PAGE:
By Jonathan LePera
Special to BassFan

Since he was 13 years old, growing up in a country devoid of largemouth, smallmouth or spotted bass, Carl Jocumsen pined to fish the Bassmaster Classic one day.

There wasn't a single professional angler in Australia at the time, yet Jocumsen invested in himself. At age 15, when a local tackle shop turned him down for a job, he offered to work for free and started dusting the shelves until he began getting paid a year later. That commenced a 10-year gig in which he perfected knot-tying, made contacts and learned trade tricks. The goal was to save money for a boat and truck and to fish every tournament possible.

He amassed $60,000 in winnings in his native country and is the all-time leading money-earner, more than doubling the amount of the second-place, even though he hasn’t fished competitively in Australia in 10 years.

In 2009, he sold most of his belongings to fish the WON Bass U.S. Open as a co-angler. With a suitcase full of tackle and one carrying clothes, and a rod tube over his shoulder, he prayed that his bank account would hold up for a while. Gary Boyd, a WON BASS angler, allowed Jocumsen to stay at his house in California, where he tried to put a dent in his learning curve on lakes like Havasu, Castaic and the California Delta. Jocumsen learned to dropshot and throw a jig, and he learned to drive.

After flying back and forth to Australia four times, every 89 days to satisfy the American Visa requirements, 75 percent of his savings was eroded. Coupled with the fact that his Aussie money only paid 66 cents on the dollar, times got tough.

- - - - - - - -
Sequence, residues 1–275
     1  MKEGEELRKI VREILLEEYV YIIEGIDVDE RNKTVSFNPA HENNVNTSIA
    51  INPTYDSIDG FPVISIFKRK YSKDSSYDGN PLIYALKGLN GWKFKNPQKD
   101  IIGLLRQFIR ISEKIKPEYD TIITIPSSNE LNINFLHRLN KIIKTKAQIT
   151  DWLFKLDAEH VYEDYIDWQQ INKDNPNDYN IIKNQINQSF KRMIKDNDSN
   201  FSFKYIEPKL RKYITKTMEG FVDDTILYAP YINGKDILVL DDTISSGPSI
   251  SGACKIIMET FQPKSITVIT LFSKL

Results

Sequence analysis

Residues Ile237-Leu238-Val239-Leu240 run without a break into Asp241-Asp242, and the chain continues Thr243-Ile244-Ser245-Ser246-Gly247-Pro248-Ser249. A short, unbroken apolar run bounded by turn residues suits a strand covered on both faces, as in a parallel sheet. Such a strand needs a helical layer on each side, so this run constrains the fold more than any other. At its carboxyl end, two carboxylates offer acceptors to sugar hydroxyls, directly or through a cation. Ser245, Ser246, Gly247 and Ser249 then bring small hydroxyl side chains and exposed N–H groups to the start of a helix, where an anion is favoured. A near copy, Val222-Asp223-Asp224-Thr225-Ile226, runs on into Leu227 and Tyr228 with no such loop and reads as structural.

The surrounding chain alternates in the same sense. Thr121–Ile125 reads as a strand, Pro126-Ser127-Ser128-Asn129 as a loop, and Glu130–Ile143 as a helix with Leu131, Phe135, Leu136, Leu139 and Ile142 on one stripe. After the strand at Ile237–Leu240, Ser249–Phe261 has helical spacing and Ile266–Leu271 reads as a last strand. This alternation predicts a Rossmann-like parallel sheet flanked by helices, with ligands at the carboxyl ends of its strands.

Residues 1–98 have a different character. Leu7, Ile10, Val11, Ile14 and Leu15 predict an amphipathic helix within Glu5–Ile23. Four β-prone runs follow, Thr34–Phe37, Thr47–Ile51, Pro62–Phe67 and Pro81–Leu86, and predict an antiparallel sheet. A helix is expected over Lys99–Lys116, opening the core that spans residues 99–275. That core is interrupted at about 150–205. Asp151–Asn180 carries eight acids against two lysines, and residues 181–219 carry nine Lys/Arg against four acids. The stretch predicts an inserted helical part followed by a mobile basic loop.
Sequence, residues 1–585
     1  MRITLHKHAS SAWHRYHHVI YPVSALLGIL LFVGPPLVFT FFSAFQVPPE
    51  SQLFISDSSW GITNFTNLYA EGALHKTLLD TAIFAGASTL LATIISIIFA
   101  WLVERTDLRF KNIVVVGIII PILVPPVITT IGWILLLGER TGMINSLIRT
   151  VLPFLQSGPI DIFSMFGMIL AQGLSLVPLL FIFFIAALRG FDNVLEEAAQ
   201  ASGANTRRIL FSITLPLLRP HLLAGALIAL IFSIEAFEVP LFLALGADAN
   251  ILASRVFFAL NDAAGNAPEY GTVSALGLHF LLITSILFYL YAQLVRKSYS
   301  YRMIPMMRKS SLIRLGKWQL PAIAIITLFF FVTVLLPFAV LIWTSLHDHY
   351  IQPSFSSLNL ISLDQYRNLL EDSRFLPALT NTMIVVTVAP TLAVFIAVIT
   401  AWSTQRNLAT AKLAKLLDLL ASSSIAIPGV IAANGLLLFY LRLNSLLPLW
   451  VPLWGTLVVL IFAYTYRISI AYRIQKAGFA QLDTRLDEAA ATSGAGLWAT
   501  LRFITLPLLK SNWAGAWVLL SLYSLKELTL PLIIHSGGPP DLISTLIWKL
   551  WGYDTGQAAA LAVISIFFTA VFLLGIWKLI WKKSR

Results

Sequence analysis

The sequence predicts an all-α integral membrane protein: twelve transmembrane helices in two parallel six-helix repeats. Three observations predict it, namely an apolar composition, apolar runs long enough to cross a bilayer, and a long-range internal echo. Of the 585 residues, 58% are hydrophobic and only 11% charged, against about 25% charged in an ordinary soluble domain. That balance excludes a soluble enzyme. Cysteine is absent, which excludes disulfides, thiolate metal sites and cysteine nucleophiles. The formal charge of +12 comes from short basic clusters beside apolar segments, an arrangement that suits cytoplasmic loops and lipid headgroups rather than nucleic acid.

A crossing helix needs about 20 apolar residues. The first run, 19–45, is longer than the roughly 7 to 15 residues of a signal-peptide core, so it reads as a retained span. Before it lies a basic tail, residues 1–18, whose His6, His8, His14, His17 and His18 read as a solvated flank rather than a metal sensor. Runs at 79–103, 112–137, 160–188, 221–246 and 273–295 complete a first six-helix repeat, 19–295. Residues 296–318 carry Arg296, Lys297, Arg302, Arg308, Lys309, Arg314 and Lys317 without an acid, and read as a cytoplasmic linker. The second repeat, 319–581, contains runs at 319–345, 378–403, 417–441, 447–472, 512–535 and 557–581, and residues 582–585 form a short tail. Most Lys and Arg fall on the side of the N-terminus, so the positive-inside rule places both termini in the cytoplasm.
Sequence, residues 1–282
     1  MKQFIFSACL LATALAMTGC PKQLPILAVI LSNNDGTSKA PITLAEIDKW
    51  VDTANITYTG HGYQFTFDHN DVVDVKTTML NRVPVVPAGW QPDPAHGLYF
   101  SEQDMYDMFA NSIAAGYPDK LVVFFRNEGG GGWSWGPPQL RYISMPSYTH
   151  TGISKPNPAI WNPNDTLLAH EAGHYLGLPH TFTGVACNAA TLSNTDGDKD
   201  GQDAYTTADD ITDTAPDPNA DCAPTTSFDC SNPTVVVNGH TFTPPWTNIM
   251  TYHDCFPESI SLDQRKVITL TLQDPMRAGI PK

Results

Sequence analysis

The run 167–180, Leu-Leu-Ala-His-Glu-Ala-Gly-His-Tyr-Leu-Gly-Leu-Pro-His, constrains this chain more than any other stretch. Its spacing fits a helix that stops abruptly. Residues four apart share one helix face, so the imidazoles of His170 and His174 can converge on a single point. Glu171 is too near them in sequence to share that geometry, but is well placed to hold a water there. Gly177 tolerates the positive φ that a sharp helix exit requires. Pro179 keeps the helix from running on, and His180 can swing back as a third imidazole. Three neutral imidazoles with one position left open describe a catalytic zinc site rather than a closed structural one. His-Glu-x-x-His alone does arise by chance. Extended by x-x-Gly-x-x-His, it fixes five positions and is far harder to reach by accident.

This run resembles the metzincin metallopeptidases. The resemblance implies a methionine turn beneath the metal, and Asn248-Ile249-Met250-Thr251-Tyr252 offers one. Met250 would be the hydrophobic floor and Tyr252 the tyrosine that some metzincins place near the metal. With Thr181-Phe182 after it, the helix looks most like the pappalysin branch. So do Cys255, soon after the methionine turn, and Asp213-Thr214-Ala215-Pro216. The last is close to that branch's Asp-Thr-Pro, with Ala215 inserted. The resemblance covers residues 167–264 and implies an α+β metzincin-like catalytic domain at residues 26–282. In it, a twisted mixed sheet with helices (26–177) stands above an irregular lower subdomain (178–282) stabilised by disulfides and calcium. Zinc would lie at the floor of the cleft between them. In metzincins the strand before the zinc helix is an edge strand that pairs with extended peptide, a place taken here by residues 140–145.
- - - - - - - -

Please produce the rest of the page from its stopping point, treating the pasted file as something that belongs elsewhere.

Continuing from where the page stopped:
In 2015, he became the first Australian to qualify for the Elite Series. He was relegated out on points two years later.

“I had to dig deep to see if I wanted this,” Jocumsen said. “It was the most uneasy time of my entire life. I spent many days in my boat crying, not knowing if I should get on a plane and fly home to see my family, not knowing what the next day would bring. I got dragged through the dirt and kicked out the other side.”

Digging in the Dirt

Jocumsen dusted himself off and fished the FLW Tour and all the Bassmaster Opens, using the latter to requalify for the Elites in 2018.

At the time, Gene Eisenmann owned HydroWave. The two explored branching into the Australian market using custom sounds and struck a friendship. Jocumsen slept on a single mattress in a work shed where he kept his boat and lived in Dallas for several years.

He clawed his way back to the Elites, only to see the mentors and heroes he wanted to compete against leave for the Major League Fishing Bass Pro Tour. In September 2019, Jocumsen became an Elite Series champion on Lake Tenkiller in Oklahoma.

Jocumsen wasn’t lighting the trail on fire that year. As many anglers tried to save points to make the Classic, Jocumsen "swung for the fence", finding an offshore pattern that few anglers discovered.

“That’s when my life turned around,” Jocumsen said. “I started to feel comfortable with who I was, where I was, and what I was doing. It took 8 or 9 years to get some groove going. Before that, I was winging it.”

He qualified for the 2024 Classic, which will be his second straight, and he’s feeling good.

“I’ve changed a lot. I have the same big dreams and goals. I have one of the most incredible wives I ever could have imagined, and now I have this beautiful daughter. I cannot believe what I have right now – everything I am truly grateful for,” said Jocumsen.

Life-Changing Encounter